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Part 1 The health benefits of phytochemicals: Nutritional phenolics and cardiovascular disease; Phytochemicals and cancer: An overview; Food-borne glucosinolates and cancer; Phytoestrogens and health; Phytoestrogens and bone health; Carotenoids in food: bioavailability and functional benefits; The functional benefits of flavonoids: The case of tea; Phytochemicals and gastrointestinal health. Part 2 Developing phytochemical functional products: Assessing the intake of phytoestrogens: Isoflavones; Testing the safety of phytochemicals; Investigating the health benefits of phytochemicals: The use of clinical trials; The genetic enhancement of phytochemicals: The case of carotenoids; Developing phytochemical products: A case study; The impact of food processing on phytochemicals: The case of antioxidants; Optimising the use of phenolic compounds in foods; Phytochemical products: Rice bran.
Plant foods are rich in micronutrients, but they also contain an immense variety of biologically-active, non-nutritive compounds that contribute to colour, flavour and other characteristics. These phytochemicals have been increasingly linked to reducing the risk of chronic diseases such as cancer, osteoporosis and coronary heart disease. Edited by two leading experts in the field, and with a distinguished international team of contributors, Phytochemical functional foods assesses the evidence for their health benefits and reviews the key issues involved in successful product development.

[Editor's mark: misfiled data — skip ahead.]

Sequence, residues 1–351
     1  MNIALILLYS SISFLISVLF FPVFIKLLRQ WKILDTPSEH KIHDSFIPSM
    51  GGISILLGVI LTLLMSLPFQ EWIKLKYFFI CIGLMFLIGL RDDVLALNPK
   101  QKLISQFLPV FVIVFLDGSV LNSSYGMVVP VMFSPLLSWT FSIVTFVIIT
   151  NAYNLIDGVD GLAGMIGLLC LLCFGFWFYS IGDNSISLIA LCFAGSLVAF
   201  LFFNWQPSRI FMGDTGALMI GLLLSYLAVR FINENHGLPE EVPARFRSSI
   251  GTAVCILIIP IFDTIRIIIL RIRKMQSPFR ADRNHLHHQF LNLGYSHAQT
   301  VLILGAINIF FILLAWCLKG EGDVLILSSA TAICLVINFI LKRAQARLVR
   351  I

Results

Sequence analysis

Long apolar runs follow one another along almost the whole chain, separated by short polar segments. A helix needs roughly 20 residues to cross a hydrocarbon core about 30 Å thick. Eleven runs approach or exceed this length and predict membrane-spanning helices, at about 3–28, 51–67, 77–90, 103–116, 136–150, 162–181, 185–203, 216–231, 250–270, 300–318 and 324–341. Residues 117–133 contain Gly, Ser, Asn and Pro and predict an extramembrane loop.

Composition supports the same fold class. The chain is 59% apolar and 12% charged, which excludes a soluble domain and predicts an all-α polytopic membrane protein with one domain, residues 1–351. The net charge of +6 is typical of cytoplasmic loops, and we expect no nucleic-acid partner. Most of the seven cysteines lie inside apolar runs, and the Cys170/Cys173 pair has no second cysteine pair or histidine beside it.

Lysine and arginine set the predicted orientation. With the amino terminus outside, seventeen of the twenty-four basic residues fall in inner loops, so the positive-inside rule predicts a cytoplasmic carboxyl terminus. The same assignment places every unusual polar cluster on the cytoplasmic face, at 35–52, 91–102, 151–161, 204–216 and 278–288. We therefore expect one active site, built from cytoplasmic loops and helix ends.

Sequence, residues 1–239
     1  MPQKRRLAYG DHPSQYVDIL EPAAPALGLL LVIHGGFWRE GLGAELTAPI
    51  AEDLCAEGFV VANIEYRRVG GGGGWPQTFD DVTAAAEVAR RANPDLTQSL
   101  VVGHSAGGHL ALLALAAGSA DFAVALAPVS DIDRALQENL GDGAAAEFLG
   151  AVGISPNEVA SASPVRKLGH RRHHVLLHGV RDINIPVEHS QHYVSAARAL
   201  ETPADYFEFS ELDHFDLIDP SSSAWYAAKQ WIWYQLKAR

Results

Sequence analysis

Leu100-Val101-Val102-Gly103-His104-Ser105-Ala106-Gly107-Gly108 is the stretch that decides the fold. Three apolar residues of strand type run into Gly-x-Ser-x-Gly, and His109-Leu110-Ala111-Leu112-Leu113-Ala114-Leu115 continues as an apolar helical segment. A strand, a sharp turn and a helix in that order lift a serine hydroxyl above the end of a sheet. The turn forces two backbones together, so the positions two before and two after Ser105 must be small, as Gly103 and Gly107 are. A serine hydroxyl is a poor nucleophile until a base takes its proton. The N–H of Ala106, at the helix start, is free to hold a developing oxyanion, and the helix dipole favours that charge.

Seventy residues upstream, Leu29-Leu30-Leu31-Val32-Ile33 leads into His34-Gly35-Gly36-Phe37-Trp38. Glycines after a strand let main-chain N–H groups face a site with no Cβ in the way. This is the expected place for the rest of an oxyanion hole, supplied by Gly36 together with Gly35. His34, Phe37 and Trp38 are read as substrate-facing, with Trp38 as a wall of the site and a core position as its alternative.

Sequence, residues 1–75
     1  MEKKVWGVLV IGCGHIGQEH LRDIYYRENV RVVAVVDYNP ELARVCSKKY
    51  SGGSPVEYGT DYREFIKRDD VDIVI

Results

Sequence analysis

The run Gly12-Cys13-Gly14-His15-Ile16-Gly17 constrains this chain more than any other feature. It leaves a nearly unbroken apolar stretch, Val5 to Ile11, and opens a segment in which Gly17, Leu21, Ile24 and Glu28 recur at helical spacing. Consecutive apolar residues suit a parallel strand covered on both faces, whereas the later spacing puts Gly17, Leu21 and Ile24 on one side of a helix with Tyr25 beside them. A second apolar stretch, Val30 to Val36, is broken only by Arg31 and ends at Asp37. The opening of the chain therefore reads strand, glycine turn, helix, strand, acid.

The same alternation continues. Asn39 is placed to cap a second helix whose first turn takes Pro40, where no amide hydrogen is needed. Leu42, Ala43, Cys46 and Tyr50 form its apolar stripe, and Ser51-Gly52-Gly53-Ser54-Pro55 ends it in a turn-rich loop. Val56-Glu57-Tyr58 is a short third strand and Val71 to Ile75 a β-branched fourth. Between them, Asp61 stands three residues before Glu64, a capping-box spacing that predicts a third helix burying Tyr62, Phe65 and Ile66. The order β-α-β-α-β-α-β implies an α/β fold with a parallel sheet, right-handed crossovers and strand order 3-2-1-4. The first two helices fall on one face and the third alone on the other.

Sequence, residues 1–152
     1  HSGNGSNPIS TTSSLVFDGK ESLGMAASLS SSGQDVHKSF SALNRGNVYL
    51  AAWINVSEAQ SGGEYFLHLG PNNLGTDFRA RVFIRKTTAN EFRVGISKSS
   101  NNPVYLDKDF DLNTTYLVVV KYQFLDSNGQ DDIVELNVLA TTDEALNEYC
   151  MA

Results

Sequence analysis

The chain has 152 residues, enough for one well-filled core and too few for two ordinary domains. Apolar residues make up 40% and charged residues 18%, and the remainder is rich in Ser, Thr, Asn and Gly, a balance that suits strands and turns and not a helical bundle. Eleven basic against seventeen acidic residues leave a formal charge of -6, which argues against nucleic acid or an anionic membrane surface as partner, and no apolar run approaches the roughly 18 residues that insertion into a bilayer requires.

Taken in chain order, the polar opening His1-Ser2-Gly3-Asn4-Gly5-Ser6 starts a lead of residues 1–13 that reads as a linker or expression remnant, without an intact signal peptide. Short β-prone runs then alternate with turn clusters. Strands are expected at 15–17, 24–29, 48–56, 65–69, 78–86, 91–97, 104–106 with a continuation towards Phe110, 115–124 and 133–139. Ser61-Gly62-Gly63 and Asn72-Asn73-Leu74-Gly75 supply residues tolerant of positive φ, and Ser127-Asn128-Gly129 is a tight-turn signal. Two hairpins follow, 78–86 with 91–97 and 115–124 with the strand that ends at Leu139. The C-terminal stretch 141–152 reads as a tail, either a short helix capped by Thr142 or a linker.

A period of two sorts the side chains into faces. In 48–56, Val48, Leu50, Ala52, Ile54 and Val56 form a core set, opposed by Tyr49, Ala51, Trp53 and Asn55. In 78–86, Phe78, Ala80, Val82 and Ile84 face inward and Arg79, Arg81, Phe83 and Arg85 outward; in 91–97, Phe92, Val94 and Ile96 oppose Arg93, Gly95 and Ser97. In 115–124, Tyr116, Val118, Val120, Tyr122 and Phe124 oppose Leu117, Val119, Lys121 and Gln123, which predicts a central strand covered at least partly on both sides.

Part one reviews research on the health benefits of phytochemicals, including chapters on cardiovascular disease, cancer, bone and gastrointestinal health, as well as the functional benefits of particular groups of phytochemicals such as phytoestogens, carotenoids and flavonoids. Part two considers the important safety and quality issues in developing phytochemical products. There are chapters on establishing appropriate intake levels, testing the safety of phytochemicals and establishing health claims through clinical trials. Part two also covers such issues as extracting and enhancing phytochemical compounds for use in food products.
Phytochemical functional foods will establish itself as a standard reference on one of the most important sectors in the functional foods market.
- Reviews research on the health benefits of phytochemicals
- Considers safety and quality issues in developing phytochemical products
- Written by a international team of experts
Those working in the field of phytochemicals and functional foods; Pharmacologists, nutritionists, and product developers
- No. of pages:
- © Woodhead Publishing 2003
- 12th May 2003
- Woodhead Publishing
- Hardcover ISBN:
- eBook ISBN:
...a valuable reference book for those working in the field of phytochemicals and functional foods providing a good review of key subject areas in a concise and user friendly manner., Food Science and Technology
…a useful reference tool for those with a scientific background, including researchers, pharmacologists, nutritionists, and product developers. The evidence is detailed and yet clearly explained., Food Science and Technology
…rich lists of modern references., Nutrition and Dietetics
Institute of Food Research, UK
Professor Gary Richardson is Head of Metabolic and Genetic Regulation at the Nestle Research Centre in Switzerland. Both have written widely on the subject of phytochemicals.
Nestlé Research Centre, Switzerland